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The Measure of Life: Virginia Woolf's Last Yearsby Herbert Marder
Synopses & Reviews
This elegantly written narrative tells the story of Virginia Woolf's life as a working writer from 1930 until her suicide in 1941--turbulent years that inspired powerful social criticism and major novels. An appendix contains letters from Woolf's cousin about the writer's final months. 24 photos.
Book News Annotation:
Marder (English, emeritus, U. of Illinois) looks at the last 10 years of Virginia Woolf's life, from her creation of The Waves to her suicide in 1941, tracing her evolving social consciousness in the 1930s and connecting her growing concern with politics and social history with the facts of her everyday life. He stresses her endurance as a working writer yet finds that Woolf anticipated her suicide, enacting it symbolically many times before the fact. Marder notes that in his own writing he tried to follow Woolf's lead in combining an unobtrusive style with an attempt to convey the emotional as well as historical truth about people and events. "In the process," he adds, "I have had to examine my assumptions about the nature of biography and the role of biographer."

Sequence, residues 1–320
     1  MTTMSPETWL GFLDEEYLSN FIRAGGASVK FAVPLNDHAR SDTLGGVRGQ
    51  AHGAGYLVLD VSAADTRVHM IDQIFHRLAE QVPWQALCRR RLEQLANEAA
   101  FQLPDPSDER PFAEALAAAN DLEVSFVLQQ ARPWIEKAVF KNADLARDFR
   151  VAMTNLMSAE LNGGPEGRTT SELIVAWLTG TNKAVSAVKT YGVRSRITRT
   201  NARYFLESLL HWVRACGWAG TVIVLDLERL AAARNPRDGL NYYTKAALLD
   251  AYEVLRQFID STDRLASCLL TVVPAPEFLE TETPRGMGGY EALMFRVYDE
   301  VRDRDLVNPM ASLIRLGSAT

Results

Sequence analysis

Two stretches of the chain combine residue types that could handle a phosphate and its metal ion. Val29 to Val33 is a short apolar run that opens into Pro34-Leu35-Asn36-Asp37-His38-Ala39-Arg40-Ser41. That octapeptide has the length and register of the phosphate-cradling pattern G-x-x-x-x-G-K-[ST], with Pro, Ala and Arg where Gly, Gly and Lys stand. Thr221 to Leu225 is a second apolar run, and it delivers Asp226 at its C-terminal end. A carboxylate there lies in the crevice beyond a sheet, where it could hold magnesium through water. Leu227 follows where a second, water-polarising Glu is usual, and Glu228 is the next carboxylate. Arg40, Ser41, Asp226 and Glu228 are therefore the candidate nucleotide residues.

Annotation c. Book News, Inc., Portland, OR (booknews.com)
Includes bibliographical references (p. 399-406) and index.
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